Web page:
Budget Cuts Make Prisoners Hungry

Need to cut the budget? Tampa's own Victor Crist (no relation to the guv) wants to cut Department of Corrections expenditures by reducing the food available to inmates. Does anyone get the idea that Charlie Crist is a tad upset over this douche bag's similar name?

Right now, the state mandates 3200 calories per day per inmate. Crist (no relation) wants that cut to 2700. That's despite the fact that a 5'9" male who weighs 160 pounds and exercises an hour a day requires over 2900 calories.Ya' think most inmates are 5'9" and weigh 160?

Besides the money saved, think of the unexpected results of such a change:

  • Inmates will be slimmer, healthier and live longer, costing the state more in the long run.
  • Prison economies will move from sexual slavery, toilet gin and cigarettes to pudding and fish sticks.
  • Instead of being sent out on work gangs and road crews, inmates can be sourced to fashion shoots and couture runway shows — which equals more revenue for the state.
  • Keeping inmates hungry is a tried and true way of controlling prison populations.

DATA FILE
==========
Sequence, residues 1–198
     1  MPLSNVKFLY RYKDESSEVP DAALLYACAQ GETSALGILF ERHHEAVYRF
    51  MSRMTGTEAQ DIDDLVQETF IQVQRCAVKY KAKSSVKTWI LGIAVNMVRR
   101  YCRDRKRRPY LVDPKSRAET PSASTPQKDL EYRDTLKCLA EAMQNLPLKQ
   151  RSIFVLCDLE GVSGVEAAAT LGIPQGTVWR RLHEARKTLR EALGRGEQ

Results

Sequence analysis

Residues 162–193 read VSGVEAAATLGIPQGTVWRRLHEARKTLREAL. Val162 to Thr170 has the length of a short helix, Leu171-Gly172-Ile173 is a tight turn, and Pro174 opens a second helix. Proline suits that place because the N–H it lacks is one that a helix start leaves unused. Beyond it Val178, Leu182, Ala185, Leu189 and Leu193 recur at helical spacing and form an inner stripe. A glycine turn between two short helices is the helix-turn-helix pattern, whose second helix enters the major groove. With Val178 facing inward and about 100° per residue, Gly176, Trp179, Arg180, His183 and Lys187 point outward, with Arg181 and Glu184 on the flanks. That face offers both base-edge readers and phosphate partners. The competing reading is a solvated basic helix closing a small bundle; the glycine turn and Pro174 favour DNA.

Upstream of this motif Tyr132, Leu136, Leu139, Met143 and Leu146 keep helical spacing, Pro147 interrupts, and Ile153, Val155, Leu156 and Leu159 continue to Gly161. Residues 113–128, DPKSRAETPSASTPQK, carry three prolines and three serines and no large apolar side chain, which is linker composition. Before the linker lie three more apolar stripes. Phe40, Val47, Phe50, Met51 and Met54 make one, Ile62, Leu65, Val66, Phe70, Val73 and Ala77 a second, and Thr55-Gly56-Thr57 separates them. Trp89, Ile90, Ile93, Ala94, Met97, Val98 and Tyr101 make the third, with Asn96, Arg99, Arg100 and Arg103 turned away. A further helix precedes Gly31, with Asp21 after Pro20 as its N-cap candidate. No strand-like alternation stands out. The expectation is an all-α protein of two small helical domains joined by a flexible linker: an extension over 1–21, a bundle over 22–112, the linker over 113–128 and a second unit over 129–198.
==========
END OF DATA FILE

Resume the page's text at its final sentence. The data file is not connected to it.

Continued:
Although the Department of Corrections used to have prison farms and bought local foods from Florida growers, now the state contracts prison food service to large corporations like Aramark. And, to no one's surprise, Aramark would like to cut caloric outlay to 2100 calories per inmate, claiming they could save $15 million per year. Why are you aiming so low, Aramark?

While researching prison food for a story I'm working on, a friendly, anonymous source in the department of corrections encouraged me to "ask about the loaf." The "Management Loaf" is a diabolical tool that prison officials dole out to those lucky inmates who — often in solitary confinement — refuse to cooperate fully with the guards. The prison kitchen takes leftovers and untouched food of all varieties and mashes them together, slaps the resulting concoction (which one prison worker described as "chunky vomit") in a loaf pan and bakes it into a solid, over-cooked mess of calories. The loaf is usually served cold and prisoners have reported that it causes "gastric distress, cramps, diarrhea, and bloating."

Slice and serve. Yum.

Perhaps we could call it the Crist Surprise (no relation) and serve it to everyone in the system, regardless of behavior. Maybe next he'll turn his attention to school lunches!

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